Mr James Chang is the director of the Taiwan Dream Makers Organisation, a group that helps patients who are nearing the end of their lives to achieve specific dreams before they die.
Mr Chang has been a hospice volunteer for about 14 years.
Previously, he was part of a Buddhist organisation which helped people to organise funerals for their loved ones.
He thought: “What we are doing here is helping people after they die. Surely there is something we can do for them before they are dead.”
He contacted a group which provided training for hospice volunteers and undertook a three month volunteer training course.
Before he retired from his ‘day job’, Mr Chang spent about two three-hour sessions per week being with patients and, as he says, taking care of them “from head to toe, with the mind included.” After his retirement, he was able to dedicate himself to hospice volunteering almost every day.
At the beginning, says Mr Chang, he didn’t know a lot about hospice care, and didn’t gather the true meaning of hospice volunteering. He spent his time shadowing other volunteers, accompanying them when they visited patients.
As he gained more knowledge, he told himself that more needed to be done for patients and family members. The more he learned, the more he did.
He became deeply involved in his hospice volunteer job and, as he became more involved, he also played an important role in promoting hospice care.
As part of this, Mr Chang visits different groups and associations to tell them about hospice care, attending conferences or communication activities to give a speech, to host a stand promoting hospice care and hospice volunteering, or holding activities to promote hospice care.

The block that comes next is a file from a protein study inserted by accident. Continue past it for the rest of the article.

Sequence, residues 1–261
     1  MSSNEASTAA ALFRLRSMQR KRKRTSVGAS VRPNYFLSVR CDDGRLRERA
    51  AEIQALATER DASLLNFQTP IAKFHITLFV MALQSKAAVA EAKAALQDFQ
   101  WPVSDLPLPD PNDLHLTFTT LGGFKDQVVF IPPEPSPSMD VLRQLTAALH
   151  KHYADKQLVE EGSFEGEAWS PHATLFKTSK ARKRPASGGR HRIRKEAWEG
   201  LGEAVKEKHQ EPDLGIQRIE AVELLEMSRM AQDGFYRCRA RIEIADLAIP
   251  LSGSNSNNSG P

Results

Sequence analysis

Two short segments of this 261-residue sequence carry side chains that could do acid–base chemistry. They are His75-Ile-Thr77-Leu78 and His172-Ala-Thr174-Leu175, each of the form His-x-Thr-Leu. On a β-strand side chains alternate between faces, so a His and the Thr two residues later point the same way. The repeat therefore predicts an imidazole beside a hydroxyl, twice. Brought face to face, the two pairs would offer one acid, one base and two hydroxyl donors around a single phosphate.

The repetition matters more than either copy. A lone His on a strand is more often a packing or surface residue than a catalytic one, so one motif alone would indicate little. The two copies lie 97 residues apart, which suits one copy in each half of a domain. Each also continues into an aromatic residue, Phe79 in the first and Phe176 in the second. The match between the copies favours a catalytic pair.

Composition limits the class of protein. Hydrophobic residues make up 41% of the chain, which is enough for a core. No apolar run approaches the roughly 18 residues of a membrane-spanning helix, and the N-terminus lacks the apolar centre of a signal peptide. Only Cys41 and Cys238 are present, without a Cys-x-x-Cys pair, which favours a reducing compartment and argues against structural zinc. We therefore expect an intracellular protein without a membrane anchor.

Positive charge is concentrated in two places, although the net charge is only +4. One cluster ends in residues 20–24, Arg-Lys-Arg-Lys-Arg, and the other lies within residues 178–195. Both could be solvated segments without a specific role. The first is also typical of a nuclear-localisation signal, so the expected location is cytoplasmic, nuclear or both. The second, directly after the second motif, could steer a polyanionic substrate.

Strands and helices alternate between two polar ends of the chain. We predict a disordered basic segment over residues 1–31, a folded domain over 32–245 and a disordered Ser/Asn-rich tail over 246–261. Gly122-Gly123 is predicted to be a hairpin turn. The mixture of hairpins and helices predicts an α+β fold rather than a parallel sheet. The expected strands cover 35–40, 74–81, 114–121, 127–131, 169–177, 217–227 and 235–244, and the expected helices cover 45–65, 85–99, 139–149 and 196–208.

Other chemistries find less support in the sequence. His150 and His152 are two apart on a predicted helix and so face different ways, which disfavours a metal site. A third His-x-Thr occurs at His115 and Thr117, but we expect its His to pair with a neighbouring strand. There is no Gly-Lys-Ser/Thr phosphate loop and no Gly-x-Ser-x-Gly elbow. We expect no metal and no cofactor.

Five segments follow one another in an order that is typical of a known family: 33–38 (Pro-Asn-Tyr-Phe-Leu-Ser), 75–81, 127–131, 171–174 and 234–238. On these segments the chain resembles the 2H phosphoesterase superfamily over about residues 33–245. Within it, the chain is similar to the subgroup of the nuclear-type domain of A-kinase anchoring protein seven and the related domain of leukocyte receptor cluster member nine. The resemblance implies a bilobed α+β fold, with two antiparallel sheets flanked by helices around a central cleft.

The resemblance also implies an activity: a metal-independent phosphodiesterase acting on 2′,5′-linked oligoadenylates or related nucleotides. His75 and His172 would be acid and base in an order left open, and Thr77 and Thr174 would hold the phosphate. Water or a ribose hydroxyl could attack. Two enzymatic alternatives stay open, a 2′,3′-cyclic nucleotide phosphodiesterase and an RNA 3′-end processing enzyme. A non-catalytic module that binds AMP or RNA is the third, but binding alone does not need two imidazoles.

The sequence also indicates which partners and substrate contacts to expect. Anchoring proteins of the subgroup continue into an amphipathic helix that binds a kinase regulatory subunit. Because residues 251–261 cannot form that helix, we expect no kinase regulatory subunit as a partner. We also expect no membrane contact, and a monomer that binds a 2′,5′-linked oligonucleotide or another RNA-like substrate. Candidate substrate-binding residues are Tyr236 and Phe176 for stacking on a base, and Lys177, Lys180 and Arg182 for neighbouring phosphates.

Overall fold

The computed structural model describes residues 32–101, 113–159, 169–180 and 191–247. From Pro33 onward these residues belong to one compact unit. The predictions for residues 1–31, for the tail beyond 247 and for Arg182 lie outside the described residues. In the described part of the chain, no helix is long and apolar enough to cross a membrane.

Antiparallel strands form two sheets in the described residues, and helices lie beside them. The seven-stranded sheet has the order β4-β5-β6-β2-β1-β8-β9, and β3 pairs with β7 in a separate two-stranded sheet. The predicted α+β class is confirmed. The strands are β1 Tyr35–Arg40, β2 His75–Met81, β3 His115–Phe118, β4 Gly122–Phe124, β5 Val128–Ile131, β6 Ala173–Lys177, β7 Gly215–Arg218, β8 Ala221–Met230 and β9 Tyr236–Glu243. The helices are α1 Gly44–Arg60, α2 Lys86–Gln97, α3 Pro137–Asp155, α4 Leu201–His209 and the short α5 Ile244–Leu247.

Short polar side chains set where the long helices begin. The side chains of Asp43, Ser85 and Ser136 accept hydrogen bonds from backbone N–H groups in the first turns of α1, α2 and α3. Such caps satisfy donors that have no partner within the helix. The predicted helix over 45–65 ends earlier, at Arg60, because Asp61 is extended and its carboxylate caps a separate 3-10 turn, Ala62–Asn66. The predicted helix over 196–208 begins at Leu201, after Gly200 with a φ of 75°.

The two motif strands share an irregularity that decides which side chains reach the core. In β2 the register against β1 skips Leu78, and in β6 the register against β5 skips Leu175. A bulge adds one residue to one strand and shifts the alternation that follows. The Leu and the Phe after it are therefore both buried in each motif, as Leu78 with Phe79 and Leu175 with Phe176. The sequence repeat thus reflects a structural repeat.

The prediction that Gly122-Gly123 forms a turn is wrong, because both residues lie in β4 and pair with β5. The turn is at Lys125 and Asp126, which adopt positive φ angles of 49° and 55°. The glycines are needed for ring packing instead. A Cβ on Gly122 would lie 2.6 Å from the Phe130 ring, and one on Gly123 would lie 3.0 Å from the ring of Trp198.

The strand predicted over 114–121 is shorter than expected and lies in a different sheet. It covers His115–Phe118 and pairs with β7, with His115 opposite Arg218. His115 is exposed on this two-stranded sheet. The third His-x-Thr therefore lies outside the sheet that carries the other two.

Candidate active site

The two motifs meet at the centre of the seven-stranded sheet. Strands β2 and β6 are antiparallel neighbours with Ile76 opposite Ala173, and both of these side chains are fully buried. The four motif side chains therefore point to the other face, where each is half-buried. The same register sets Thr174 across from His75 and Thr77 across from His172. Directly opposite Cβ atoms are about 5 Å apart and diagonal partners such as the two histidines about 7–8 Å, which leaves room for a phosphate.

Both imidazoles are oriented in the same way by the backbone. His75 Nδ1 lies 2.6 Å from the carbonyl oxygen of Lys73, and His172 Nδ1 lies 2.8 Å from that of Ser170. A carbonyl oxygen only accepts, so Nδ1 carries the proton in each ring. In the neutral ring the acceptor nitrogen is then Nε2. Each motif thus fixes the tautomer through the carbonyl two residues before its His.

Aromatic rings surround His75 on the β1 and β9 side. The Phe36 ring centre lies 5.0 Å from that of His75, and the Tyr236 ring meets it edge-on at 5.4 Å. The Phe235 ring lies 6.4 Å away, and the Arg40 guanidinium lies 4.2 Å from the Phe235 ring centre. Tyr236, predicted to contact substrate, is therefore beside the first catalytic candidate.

Mr Chang speaks at health care conferences, but also at business conferences or sports camps.
He has also had the chance to share his experience of hospice volunteering with people in different communities, or at schools.
“We will do all we can to promote hospice,” says Mr Chang.
For Mr Chang, the most important thing is that, although there are many different associations or groups in Taiwan who are working on issues related to hospice and palliative care, as far as he knows there is no central group for hospice volunteers.
He and his colleagues are working to unite people from different hospitals and foundations to form a group to represent all hospice volunteers in Taiwan.
I ask Mr Chang what his hope is for hospice and palliative care in Taiwan. He notes in response that a source of pride for the country is its ranking on the Economist Quality of Death Index as 14th in the world and first in Asia.
However, he believes that all the groups who provide hospice services – including doctors, nurses, volunteers and allied health professionals – need to do more to join international activities and learn as much as they can from others to improve hospice and palliative care in Taiwan.